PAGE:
it's free to download at bookzz
do you know they've hired the grandson of Edward Bernays, the founder of Public Relation and man that sold cigarettes to women, doctors and so on, the nephew of Freud...watch the century of the self by the BBC and read Bernays's book
"Privacy Revisited'Different Implications for Different Citizens
Security and privacy are a shared responsibility between companies, users and the
institutions around us. Companies like Google, Apple, Amazon and Facebook are
expected to safeguard data, prevent their systems from being hacked into and provide
the most effective tools for users to maximize control of their privacy and security. But it
is up to users to leverage these tools. Each day you choose not to utilize them you will
experience some loss of privacy and security as the data keeps piling up. And you
cannot assume there is a simple delete button. The option to 'delete' data is largely an
illusion'lost files, deleted e-mails and erased text messages can be recovered with
minimal effort. Data is rarely erased on computers; operating systems tend to remove
only a file's listing from the internal directory, keeping the file's contents in place until
the space is needed for other things. (And even after a file has been overwritten, it's still
occasionally possible to recover parts of the original content due to the magnetic
properties of disc storage. This problem is known as 'data remanence' by computer
experts.) Cloud computing only reinforces the permanence of i..."
"This will be the first generation of humans to have an indelible record. Colleagues of
Richard Nixon may have been able to erase those eighteen and a half minutes of a tape
recording regarding the Watergate break-in and cover up, but today's American
president faces a permanent record of every e-mail sent from his BlackBerry, accessible
to the public under the Presidential Records Act."
False and they can re-write and edit and change every single digital book as we speak...even re-write according to your own beliefs and needs or theirs...
i flicked through it as it was to painful to read!
"Once one regime builds its surveillance state, it will share what it learned with others.
We know that autocratic governments share information, governance strategies and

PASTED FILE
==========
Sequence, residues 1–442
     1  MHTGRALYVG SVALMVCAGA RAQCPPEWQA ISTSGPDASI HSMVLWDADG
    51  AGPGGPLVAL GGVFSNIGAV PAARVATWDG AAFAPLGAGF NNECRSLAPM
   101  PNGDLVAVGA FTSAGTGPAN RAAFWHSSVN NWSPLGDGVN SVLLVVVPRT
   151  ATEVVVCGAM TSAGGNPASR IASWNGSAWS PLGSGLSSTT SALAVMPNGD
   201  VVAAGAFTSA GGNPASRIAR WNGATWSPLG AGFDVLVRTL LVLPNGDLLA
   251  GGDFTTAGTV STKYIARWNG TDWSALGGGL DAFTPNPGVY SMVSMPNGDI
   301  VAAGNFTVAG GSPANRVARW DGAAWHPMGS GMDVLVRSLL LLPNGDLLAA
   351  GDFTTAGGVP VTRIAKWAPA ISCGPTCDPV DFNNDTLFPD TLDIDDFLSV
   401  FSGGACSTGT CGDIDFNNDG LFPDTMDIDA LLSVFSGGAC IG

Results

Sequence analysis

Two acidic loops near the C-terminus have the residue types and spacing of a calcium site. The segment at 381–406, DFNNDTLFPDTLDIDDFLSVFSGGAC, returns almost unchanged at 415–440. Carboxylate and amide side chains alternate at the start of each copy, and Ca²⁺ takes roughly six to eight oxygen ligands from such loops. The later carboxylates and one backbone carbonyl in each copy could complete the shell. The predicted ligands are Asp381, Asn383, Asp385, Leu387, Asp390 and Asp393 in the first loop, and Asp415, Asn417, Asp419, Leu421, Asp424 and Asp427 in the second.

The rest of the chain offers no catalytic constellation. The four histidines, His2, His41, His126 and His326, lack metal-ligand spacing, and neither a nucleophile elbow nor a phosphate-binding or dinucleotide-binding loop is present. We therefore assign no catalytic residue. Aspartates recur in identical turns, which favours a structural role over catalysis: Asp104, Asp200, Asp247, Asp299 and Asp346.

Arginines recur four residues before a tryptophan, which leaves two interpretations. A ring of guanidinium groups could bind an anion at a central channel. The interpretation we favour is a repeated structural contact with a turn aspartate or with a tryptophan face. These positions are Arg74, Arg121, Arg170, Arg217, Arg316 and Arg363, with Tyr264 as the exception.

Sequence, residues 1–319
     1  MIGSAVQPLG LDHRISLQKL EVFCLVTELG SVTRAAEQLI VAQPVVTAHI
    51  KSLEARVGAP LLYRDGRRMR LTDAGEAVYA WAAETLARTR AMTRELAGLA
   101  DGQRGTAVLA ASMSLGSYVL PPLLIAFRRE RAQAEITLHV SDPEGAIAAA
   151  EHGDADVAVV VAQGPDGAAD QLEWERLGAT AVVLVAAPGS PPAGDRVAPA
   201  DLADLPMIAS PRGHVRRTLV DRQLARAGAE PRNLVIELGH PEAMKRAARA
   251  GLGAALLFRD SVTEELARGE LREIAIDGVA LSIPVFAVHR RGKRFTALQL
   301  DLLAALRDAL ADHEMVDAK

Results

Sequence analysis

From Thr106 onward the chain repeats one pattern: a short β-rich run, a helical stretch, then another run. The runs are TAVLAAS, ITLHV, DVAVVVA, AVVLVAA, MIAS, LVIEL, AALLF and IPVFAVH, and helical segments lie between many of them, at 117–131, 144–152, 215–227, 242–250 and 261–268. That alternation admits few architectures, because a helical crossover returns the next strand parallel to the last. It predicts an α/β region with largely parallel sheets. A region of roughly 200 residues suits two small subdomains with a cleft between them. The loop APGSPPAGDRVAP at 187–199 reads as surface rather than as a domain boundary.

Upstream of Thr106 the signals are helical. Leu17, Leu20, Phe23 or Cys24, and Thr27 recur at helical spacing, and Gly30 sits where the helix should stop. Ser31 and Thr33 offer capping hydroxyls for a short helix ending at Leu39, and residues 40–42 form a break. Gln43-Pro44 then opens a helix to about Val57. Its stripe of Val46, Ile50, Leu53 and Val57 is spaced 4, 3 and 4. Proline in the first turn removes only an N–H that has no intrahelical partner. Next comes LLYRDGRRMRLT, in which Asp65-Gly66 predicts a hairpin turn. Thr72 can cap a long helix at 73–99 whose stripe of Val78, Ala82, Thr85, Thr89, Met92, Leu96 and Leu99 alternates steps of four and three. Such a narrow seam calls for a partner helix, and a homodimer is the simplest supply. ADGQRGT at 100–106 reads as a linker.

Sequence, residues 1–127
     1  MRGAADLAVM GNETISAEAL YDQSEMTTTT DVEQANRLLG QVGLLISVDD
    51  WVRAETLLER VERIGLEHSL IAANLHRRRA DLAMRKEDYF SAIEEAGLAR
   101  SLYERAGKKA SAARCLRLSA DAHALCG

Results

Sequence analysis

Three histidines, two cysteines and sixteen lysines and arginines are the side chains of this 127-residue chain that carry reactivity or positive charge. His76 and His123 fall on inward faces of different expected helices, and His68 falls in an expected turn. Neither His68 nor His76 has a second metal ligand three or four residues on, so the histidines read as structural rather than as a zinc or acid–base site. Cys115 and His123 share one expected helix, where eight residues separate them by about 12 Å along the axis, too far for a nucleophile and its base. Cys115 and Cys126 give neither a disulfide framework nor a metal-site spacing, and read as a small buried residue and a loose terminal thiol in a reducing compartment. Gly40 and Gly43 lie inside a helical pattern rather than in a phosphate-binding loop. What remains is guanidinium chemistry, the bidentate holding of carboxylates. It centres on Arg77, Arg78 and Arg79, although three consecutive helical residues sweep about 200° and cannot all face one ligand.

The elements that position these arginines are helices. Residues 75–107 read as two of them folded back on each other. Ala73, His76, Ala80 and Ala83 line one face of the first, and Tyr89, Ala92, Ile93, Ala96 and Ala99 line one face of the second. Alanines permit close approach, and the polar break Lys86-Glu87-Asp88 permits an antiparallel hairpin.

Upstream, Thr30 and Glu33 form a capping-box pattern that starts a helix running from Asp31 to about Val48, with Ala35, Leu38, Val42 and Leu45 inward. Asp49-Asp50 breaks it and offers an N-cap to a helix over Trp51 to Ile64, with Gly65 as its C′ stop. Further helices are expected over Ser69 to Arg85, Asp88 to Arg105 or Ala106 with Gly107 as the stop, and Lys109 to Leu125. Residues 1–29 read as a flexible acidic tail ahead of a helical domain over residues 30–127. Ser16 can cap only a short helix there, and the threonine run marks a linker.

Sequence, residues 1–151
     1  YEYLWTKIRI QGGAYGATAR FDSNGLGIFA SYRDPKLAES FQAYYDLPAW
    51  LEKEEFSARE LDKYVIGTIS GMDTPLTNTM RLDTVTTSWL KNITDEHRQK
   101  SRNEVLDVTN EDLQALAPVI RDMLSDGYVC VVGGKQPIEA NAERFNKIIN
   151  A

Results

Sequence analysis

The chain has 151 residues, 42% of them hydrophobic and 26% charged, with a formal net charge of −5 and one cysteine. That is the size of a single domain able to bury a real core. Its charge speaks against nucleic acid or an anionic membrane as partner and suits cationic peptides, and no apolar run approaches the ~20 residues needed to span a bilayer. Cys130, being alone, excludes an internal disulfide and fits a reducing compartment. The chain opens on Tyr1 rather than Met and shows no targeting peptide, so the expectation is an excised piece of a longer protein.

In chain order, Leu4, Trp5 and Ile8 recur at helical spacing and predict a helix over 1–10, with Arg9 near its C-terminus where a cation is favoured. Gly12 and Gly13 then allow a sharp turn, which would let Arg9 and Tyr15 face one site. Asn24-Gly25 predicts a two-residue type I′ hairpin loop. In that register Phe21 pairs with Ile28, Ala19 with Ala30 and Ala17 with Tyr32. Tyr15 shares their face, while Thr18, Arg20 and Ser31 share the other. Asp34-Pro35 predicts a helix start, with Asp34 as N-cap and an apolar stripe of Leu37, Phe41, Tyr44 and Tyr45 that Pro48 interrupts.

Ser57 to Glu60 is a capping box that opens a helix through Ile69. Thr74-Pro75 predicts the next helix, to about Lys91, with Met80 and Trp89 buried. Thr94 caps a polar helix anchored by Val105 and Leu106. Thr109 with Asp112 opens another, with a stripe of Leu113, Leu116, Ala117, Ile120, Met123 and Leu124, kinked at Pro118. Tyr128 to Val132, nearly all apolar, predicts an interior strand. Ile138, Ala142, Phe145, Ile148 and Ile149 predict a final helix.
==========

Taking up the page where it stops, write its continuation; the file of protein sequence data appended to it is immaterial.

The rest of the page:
military hardware, and it's only logical that the configuration that one state designs will
(if it works) proliferate among its allies and assorted others. Companies that sell datamining
software, surveillance cameras and other products will flaunt their work with
governments to attract new business.
The most important form of data to collect for an autocrat isn't Facebook posts or
Twitter comments'it's biometric information. 'Biometric' refers to information that
can be used to uniquely identify individuals through their physical and biological
attributes. Fingerprinting, photographs and DNA testing are all familiar biometric data
types today. Indeed, the next time you visit Singapore, you might be surprised to find
that airport security requires both a filled-out customs form and a scan of your voice. In
the future, voice-recognition and facial-recognition software will largely surpass all of
these earlier forms in accuracy and use.
The facial-recognition systems of today"
"No Hidden People Allowed
As terrorists develop new methods, counterterrorism strategists will adapt accordingly.
Imprisonment may not be enough to contain a terror network. Governments may
determine, for example, that it is too risky to have citizens 'off the grid,' detached from
the technological ecosystem. To be sure, in the future, as now, there will be people who
resist adopting and using technology, people who want nothing to do with virtual
profiles, online data systems or smart phones. Yet a government might suspect that
people who opt out completely have something to hide and thus are more likely to
break laws, and as a counterterrorism measure, that government will build the kind of
'hidden people' registry we described earlier. If you don't have any registered socialnetworking
profiles or mobile subscriptions, and on-line references to you are unusually
hard to find, you might be considered a candidate for such a registry. You might also be
subjected to a strict set of new regulations that includes rigorous airport screening or
even travel restrictions."
As we look into the future'its promises and its challenges'we are facing a brave new
world, the most fast-paced and exciting period in human history. We'll experience more
change at a quicker rate than any previous generation, and this change, driven in part
by the devices in our own hands, will be more personal and participatory than we can
go read A Brave New World and 1984
aller lire le site de pieces et main d'oeuvre, regarder le documentaire sur Google books, Netwars d'Arte, qui cherche a controler internet, TPB AFK, transhumanisme, un monde sans humain, une contre-histoire de l'internet, comission sur la dictature electronique de president de la CNIL, inscrivez-vous a la Quadrature du net, matter la conf sur Neuro-esclaves de Marco de la Luna, etc...
utiliser Framasoft...matter la serie Mr Robot ;)
une liste de deconditionnement: